template <unsigned int D, char C, char ...Rest> struct facimpl<D, C, Rest...>
{
  static const unsigned int value = Pow<10, D - 1>::value * (C - '0') + facimpl<D - 1, Rest...>::value;
};

int main()
{
  return 123_fac;
}

You can of course replace facimpl<Chars...>::value by any compile-time factorial expression you like.

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1  
Wouldn't that be backwards? That is, it would give value as 321, not 123, or have I got this confused? You need to pass an accumulator parameter to facimpl to get it to come out correctly. –  Nate Nov 13 '11 at 0:21
    
123 -> 1 + 20 + 300 = 321. I can confirm it's backwards. –  Pubby Nov 13 '11 at 0:26
    
D'oh, sorry, I got it wrong. Yes, we need an accumulator. Let me edit it. –  Kerrek SB Nov 13 '11 at 0:28
    
Happens to the best of us on a good day. That's what we get for not having a compiler handy to actually test it :^p –  Nate Nov 13 '11 at 0:29
    
I'm downloading a new snapshot as we speak :-) OK, try it now. I hope std::pow is const-expr; otherwise you'll have to write your own template-pow! Or a variadic reverser. Whichever floats your boat. –  Kerrek SB Nov 13 '11 at 0:32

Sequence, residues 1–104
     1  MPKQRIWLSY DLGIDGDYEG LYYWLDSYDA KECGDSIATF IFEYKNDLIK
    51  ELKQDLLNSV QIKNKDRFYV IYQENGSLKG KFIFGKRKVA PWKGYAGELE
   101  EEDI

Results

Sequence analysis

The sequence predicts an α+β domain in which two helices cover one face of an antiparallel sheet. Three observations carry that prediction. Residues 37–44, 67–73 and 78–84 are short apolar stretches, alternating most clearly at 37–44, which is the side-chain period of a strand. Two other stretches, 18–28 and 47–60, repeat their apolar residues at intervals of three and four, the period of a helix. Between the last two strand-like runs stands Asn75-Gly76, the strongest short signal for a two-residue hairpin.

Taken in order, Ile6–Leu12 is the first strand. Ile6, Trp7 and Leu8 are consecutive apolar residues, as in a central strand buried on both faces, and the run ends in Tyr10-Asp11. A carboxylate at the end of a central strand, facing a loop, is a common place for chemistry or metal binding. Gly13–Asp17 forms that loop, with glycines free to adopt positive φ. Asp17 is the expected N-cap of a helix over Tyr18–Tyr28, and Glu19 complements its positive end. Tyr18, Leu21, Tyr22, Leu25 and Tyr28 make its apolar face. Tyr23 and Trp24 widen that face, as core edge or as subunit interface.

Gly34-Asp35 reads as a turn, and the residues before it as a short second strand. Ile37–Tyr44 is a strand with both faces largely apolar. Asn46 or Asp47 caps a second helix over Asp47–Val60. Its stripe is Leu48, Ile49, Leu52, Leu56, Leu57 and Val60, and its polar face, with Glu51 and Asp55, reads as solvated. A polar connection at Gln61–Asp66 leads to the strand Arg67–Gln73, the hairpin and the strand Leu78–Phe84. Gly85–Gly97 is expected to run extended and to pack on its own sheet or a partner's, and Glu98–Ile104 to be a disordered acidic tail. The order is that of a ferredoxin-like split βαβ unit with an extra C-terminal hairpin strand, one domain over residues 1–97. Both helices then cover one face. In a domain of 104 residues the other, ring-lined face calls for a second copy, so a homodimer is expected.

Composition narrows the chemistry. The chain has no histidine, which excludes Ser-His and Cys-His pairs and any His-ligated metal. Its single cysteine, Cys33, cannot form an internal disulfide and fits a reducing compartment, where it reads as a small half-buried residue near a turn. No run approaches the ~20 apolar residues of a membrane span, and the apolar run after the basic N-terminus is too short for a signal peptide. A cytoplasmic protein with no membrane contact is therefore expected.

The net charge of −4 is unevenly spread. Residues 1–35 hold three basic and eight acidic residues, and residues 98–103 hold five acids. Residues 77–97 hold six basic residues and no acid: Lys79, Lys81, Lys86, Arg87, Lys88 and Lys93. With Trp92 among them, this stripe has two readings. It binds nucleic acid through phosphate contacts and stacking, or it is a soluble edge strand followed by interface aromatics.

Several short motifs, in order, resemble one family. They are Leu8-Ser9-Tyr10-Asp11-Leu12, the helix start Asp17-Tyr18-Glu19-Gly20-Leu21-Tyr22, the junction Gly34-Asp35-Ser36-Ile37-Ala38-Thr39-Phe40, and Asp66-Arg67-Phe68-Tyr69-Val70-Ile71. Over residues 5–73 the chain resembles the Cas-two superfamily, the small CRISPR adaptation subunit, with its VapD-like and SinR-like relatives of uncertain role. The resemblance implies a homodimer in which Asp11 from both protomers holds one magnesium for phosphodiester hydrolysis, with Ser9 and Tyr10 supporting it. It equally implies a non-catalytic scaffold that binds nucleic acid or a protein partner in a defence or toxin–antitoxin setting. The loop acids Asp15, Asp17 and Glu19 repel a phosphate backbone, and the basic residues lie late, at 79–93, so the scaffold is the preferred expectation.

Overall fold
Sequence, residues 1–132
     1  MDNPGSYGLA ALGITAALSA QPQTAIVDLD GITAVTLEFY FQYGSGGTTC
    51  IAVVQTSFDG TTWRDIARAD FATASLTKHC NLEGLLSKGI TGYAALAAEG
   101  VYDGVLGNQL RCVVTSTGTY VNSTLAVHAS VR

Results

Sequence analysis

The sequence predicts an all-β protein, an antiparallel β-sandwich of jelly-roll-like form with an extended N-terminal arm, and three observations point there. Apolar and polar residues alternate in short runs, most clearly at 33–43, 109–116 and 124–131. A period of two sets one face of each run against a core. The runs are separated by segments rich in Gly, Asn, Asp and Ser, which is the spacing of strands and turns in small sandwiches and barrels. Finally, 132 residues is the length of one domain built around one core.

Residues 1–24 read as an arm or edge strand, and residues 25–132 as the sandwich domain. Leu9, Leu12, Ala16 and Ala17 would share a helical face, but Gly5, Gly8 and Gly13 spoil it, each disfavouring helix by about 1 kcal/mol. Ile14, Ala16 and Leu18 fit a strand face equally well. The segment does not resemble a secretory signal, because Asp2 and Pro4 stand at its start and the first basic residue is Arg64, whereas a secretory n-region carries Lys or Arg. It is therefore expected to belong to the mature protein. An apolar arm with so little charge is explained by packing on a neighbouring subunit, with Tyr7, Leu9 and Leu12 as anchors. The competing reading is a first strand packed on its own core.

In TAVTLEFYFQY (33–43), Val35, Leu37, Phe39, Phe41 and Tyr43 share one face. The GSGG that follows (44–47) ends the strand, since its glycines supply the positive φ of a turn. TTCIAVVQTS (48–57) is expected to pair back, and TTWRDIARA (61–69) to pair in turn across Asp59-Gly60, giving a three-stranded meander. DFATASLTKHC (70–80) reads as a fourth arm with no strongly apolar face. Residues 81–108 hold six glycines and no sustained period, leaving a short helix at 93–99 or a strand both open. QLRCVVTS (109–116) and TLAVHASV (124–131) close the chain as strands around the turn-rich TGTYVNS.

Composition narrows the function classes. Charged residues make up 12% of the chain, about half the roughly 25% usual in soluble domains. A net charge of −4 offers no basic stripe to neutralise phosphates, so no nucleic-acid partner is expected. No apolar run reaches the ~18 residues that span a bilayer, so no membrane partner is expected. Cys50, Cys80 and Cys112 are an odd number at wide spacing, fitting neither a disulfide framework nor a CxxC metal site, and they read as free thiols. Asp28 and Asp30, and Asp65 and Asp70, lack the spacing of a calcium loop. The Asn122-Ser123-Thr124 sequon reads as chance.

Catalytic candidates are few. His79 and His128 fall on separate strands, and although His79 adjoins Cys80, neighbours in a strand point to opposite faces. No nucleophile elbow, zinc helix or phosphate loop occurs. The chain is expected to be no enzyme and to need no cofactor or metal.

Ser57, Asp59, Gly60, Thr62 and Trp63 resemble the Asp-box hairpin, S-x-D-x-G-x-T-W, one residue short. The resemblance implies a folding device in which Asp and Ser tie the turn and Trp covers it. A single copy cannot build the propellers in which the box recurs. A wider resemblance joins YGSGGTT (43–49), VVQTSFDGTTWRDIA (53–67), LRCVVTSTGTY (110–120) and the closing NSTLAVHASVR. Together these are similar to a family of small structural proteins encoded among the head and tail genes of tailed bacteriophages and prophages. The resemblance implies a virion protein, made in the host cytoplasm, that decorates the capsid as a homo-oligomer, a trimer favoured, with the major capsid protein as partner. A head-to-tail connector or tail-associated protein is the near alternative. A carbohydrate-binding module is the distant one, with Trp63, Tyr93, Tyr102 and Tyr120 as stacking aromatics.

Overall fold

up vote 2 down vote accepted

This is how I ended up doing it:

template <typename t>
constexpr t pow(t base, int exp) {
  return (exp > 0) ? base * pow(base, exp-1) : 1;
};

template <char...> struct literal;
template <> struct literal<> {
  static const unsigned int to_int = 0;
};
template <char c, char ...cv> struct literal<c, cv...> {
  static const unsigned int to_int = (c - '0') * pow(10, sizeof...(cv)) + literal<cv...>::to_int;
};

template <int N> struct factorial {
  static const unsigned int value = N * factorial<N - 1>::value;
};
template <> struct factorial<0> {
  static const unsigned int value = 1;
};

template <char ...cv>
constexpr unsigned int operator "" _fac()
{
  return factorial<literal<cv...>::to_int>::value;
}

Huge thanks to KerrekSB!

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Why the enum hack in the factorial? You can just say static const unsigned int value = 1; etc... –  Kerrek SB Nov 13 '11 at 0:55